From Ethan Siegel: “Could An Incompleteness In Quantum Mechanics Lead To Our Next Scientific Revolution?”

From Ethan Siegel
Apr 24, 2019

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The proton’s structure, modeled along with its attendant fields, show how even though it’s made out of point-like quarks and gluons, it has a finite, substantial size which arises from the interplay of the quantum forces and fields inside it. The proton, itself, is a composite, not fundamental, quantum particle. (BROOKHAVEN NATIONAL LABORATORY)

A single thought experiment reveals a paradox. Could quantum gravity be the solution?

Sometimes, if you want to understand how nature truly works, you need to break things down to the simplest levels imaginable. The macroscopic world is composed of particles that are — if you divide them until they can be divided no more — fundamental. They experience forces that are determined by the exchange of additional particles (or the curvature of spacetime, for gravity), and react to the presence of objects around them.

At least, that’s how it seems. The closer two objects are, the greater the forces they exert on one another. If they’re too far away, the forces drop off to zero, just like your intuition tells you they should. This is called the principle of locality, and it holds true in almost every instance. But in quantum mechanics, it’s violated all the time. Locality may be nothing but a persistent illusion, and seeing through that facade may be just what physics needs.

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Quantum gravity tries to combine Einstein’s general theory of relativity with quantum mechanics. Quantum corrections to classical gravity are visualized as loop diagrams, as the one shown here in white. We typically view objects that are close to one another as capable of exerting forces on one another, but that might be an illusion, too. (SLAC NATIONAL ACCELERATOR LAB)

Imagine that you had two objects located in close proximity to one another. They would attract or repel one another based on their charges and the distance between them. You might visualize this as one object generating a field that affects the other, or as two objects exchanging particles that impart either a push or a pull to one or both of them.

You’d expect, of course, that there would be a speed limit to this interaction: the speed of light. Relativity gives you no other way out, since the speed at which the particles responsible for forces propagate is limited by the speed they can travel, which can never exceed the speed of light for any particle in the Universe. It seems so straightforward, and yet the Universe is full of surprises.

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An example of a light cone, the three-dimensional surface of all possible light rays arriving at and departing from a point in spacetime. The more you move through space, the less you move through time, and vice versa. Only things contained within your past light-cone can affect you today; only things contained within your future light-cone can be perceived by you in the future. (WIKIMEDIA COMMONS USER MISSMJ)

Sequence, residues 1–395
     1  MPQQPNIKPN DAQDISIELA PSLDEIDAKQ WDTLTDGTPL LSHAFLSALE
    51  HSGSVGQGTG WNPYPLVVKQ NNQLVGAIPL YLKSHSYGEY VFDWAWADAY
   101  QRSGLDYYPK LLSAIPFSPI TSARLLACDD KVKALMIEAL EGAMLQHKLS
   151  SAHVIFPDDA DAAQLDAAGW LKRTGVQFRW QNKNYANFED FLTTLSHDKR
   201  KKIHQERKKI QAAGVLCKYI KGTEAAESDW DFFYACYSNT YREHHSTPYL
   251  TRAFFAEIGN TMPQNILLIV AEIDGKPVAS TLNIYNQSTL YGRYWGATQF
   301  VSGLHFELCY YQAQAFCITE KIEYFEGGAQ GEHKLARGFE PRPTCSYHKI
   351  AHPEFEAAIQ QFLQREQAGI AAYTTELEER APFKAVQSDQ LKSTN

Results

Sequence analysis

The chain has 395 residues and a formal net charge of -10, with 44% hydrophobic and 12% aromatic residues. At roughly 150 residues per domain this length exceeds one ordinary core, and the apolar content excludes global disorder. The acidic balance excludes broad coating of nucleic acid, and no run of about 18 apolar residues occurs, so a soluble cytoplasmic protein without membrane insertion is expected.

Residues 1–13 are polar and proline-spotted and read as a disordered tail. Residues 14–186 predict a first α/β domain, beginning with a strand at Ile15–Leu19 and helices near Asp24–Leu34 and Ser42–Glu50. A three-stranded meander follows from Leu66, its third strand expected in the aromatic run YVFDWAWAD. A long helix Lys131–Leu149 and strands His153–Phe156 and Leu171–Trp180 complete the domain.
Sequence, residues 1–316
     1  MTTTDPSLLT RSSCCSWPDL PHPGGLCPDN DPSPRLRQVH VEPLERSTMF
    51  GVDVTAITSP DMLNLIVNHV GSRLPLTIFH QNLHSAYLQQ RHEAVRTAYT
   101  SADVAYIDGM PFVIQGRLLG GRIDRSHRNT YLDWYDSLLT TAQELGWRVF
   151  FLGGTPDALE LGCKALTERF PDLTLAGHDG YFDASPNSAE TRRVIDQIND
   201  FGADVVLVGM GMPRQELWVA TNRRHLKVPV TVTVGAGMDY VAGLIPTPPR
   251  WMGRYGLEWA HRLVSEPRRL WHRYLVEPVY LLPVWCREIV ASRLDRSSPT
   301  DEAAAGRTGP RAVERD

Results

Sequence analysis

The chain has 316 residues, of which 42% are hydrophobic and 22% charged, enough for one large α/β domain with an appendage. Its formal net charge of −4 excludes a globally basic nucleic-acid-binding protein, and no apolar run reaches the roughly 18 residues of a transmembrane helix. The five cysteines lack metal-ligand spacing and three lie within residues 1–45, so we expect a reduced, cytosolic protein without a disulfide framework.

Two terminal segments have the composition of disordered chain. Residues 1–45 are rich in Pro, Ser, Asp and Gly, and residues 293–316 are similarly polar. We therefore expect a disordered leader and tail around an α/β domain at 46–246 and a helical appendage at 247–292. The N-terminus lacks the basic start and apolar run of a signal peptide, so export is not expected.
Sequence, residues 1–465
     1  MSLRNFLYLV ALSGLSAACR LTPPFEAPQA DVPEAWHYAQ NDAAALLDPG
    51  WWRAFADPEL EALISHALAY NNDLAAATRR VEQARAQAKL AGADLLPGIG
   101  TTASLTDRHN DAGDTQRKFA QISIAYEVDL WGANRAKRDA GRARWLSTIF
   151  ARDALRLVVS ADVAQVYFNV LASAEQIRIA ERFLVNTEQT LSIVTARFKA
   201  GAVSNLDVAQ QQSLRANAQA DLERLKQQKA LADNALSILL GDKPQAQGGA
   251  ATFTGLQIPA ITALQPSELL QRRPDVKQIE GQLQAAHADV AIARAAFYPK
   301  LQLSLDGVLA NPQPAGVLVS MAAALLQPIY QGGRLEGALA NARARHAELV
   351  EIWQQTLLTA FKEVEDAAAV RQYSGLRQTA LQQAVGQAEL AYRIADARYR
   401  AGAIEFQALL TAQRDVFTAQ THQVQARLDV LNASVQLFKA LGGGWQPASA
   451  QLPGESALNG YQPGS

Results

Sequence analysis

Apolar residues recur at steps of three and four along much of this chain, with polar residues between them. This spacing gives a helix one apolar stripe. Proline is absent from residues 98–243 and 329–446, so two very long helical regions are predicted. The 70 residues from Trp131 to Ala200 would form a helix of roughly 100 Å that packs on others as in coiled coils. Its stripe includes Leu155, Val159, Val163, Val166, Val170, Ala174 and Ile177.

We have this notion of cause-and-effect that’s been hard-wired into us by our experience with reality. Physicists call this causality, and it’s one of the rare physics ideas that actually conforms to our intuition. Every observer in the Universe, from its own perspective, has a set of events that exist in its past and in its future.

In relativity, these are events contained within either your past light-cone (for events that can causally affect you) or your future light-cone (for events that you can causally effect). Events that can be seen, perceived, or can otherwise have an effect on an observer are known as causally-connected. Signals and physical effects, both from the past and into the future, can propagate at the speed of light, but no faster. At least, that’s what your intuitive notions about reality tell you.

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Schrödinger’s cat. Inside the box, the cat will be either alive or dead, depending on whether a radioactive particle decayed or not. If the cat were a true quantum system, the cat would be neither alive nor dead, but in a superposition of both states until observed. (WIKIMEDIA COMMONS USER DHATFIELD)

But in the quantum Universe, this notion of relativistic causality isn’t as straightforward or universal as it would seem. There are many properties that a particle can have — such as its spin or polarization — that are fundamentally indeterminate until you make a measurement. Prior to observing the particle, or interacting with it in such a way that it’s forced to be in either one state or the other, it’s actually in a superposition of all possible outcomes.

Well, you can also take two quantum particles and entangle them, so that these very same quantum properties are linked between the two entangled particles. Whenever you interact with one member of the entangled pair, you not only gain information about which particular state it’s in, but also information about its entangled partner.

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By creating two entangled photons from a pre-existing system and separating them by great distances, we can ‘teleport’ information about the state of one by measuring the state of the other, even from extraordinarily different locations. (MELISSA MEISTER, OF LASER PHOTONS THROUGH A BEAM SPLITTER)

This wouldn’t be so bad, except for the fact that you can set up an experiment as follows.

You can create your pair of entangled particles at a particular location in space and time.
You can transport them an arbitrarily large distance apart from one another, all while maintaining that quantum entanglement.
Finally, you can make those measurements (or force those interactions) as close to simultaneously as possible.

In every instance where you do this, you’ll find the member you measure in a particular state, and instantly “know” some information about the other entangled member.